Always the beat of this life. The pulse. The rhythms. The cycles. The seasons. Outside, pink and white bonnet hellebores still bow their heads as if in prayer to the earth that birthed them. The magnolia’s sprouting soft sage-greenish furry buds. And you just know that the season of pink is coming. As it always does.

And the tuna sandwich gets made. The bread gets sliced and buttered. Mark’s Bread’s gorgeous 7-seed. A sneaky way to get a bit of goodness into our son’s body.

So, no. I don’t want to build things back the same.

This Harvest Queen has a vision. A knowing that time left is time less. And you better start living this one wild and precious life. It’s time to deep-dive for the pearls and the treasures stuffed away in those dark pockets of your past. Life is these small things. The tiny moments that catch us awake. Enliven us. Inspire us. Drown us. Deliver us, freshly birthed out of the waters of our own healing.

And still, amongst all this divine wild. The clothes are folded. The bellies are fed. The floor is swept. This holy work of tending makes us whole. Shake it off. Those cloaks and veils. Get naked. They try to cage our wild and tame our free. No wonder we are sick.

Meet yourself at your own door, in your own mirror and welcome home your splintered selves with love after love after love. For you bring each other gold. Spun in the darkness, delivered in the light of the hallway of your heart. Can you let it in? Ayla Nereo’s clarion call. Can you let it in, ‘til it is both prayer and offering.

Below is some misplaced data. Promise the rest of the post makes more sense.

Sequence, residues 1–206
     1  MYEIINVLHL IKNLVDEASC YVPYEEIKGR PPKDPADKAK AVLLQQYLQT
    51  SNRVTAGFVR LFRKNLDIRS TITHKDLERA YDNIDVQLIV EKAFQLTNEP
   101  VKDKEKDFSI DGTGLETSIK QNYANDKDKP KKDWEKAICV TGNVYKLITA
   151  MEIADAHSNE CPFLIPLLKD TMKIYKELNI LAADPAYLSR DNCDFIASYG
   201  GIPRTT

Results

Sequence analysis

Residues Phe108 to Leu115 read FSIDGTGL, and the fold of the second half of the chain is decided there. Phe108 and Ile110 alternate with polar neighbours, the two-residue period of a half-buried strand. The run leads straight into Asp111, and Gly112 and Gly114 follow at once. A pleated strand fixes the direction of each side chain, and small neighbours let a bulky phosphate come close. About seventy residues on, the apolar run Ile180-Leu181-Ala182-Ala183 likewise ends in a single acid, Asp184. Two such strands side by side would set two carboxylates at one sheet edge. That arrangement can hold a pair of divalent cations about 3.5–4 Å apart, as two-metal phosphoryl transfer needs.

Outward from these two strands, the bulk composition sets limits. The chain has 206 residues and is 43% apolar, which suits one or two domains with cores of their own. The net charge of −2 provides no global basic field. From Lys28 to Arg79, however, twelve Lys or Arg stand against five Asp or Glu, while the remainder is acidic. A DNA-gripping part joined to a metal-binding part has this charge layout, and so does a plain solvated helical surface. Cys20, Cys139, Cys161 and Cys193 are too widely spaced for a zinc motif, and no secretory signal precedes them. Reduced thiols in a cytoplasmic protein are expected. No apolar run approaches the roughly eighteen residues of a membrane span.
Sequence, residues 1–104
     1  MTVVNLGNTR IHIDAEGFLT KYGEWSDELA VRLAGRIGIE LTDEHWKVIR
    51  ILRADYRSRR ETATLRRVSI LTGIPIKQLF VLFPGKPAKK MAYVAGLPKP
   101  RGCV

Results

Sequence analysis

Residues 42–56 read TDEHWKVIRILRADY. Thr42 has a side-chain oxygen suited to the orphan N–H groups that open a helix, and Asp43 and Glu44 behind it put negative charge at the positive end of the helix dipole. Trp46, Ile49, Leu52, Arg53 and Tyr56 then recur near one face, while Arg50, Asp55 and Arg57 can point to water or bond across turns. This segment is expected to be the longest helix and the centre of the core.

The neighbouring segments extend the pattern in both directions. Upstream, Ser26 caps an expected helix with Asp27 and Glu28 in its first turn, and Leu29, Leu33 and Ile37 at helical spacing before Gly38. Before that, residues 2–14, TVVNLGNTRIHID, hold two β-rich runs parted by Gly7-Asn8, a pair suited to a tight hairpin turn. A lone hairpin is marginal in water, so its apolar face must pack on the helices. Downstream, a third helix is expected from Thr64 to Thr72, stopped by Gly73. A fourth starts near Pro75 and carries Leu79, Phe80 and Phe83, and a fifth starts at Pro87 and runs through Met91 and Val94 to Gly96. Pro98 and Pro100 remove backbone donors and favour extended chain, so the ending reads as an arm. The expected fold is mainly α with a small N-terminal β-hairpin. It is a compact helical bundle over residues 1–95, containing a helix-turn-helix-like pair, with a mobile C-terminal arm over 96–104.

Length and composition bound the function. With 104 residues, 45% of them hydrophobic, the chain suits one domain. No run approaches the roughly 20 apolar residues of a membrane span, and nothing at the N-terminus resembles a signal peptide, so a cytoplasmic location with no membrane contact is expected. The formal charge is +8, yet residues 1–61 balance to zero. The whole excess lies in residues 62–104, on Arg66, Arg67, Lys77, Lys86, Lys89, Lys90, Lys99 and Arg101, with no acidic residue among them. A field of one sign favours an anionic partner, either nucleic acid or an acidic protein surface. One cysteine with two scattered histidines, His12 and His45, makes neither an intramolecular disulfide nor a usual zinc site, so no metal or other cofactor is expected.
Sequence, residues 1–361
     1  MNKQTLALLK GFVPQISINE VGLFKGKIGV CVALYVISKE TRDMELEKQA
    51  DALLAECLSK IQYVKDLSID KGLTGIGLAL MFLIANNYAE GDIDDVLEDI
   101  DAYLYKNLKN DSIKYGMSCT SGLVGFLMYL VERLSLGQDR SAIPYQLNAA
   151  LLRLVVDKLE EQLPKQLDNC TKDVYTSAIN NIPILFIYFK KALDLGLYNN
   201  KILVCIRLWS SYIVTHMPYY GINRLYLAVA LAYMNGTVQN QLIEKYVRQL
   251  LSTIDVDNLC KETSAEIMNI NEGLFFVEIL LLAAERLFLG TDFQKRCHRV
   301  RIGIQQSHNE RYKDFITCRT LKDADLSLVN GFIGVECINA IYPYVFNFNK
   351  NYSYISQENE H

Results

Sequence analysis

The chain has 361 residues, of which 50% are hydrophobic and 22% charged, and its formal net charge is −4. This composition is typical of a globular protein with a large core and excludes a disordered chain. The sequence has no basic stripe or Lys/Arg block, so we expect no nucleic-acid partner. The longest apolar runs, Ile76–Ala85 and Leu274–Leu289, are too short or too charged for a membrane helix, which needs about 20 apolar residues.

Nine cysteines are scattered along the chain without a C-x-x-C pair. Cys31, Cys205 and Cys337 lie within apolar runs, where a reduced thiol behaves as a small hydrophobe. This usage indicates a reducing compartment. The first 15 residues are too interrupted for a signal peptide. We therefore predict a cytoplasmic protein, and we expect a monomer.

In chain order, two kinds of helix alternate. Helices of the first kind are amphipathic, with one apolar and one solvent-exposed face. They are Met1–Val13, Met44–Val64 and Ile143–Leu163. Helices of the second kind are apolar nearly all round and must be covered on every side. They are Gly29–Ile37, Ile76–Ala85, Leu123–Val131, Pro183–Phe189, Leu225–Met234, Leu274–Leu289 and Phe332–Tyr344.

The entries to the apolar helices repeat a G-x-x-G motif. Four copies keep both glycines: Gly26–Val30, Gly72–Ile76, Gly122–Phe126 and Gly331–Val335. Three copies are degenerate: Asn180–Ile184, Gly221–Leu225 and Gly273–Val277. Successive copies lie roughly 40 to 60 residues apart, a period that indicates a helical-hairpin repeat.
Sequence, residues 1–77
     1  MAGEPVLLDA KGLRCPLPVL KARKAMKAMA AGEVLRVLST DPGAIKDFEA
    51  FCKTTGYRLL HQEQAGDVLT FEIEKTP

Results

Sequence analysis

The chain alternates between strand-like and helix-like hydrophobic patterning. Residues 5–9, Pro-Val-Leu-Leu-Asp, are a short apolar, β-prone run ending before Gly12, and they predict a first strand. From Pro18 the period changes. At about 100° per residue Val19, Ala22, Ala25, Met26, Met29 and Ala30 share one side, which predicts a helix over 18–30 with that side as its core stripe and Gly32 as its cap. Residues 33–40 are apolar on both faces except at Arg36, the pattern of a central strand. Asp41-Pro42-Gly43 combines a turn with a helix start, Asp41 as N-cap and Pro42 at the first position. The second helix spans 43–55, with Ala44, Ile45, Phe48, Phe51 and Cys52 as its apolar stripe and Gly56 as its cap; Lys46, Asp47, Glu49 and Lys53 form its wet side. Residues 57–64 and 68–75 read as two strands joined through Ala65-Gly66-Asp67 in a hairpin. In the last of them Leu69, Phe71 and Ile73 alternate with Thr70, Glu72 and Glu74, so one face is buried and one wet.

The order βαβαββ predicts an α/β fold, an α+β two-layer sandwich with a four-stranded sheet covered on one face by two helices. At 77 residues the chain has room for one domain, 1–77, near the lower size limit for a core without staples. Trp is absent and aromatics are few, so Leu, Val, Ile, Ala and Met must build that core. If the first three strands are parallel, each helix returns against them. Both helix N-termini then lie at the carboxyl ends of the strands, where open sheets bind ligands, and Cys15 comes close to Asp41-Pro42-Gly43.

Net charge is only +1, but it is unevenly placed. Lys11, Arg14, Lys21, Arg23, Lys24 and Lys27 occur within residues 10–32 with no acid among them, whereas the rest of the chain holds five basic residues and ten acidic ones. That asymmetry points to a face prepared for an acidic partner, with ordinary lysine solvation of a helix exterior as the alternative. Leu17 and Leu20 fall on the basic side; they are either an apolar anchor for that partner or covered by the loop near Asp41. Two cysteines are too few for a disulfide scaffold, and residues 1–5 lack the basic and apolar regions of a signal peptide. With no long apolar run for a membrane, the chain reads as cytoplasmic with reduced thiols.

And the misty rain spits over the land, quenching the Earth’s thirst. Brizzle mizzle. Washed out sky. No blue. No definition.

And the boy eats his sandwich, whips the computer cord around by his left side. Right leg tucked under his bottom, left knee up. Missing his glasses, since the puppy ate them. The husband and the puppy in our room. The girl and her friend in hers. They went for a late-night “car drive” last night which lasted for hours. The older boy in his bed. My mother, probably awaiting her Happy Birthday call. I have no gift yet. It’s in the post—unless I’ve been scammed by a Facebook ad.

The wind blows. The world spins. Life keeps living. Our job is to pay attention. To play. Attention. A tension. Gather up our tender selves and tell stories of our real wounds around the campfire of our own hearts.

What wants voicing? How do we let it in? How do we let it through? Out? What will it release into the wild for us? 


Leave a Comment

Your email address will not be published.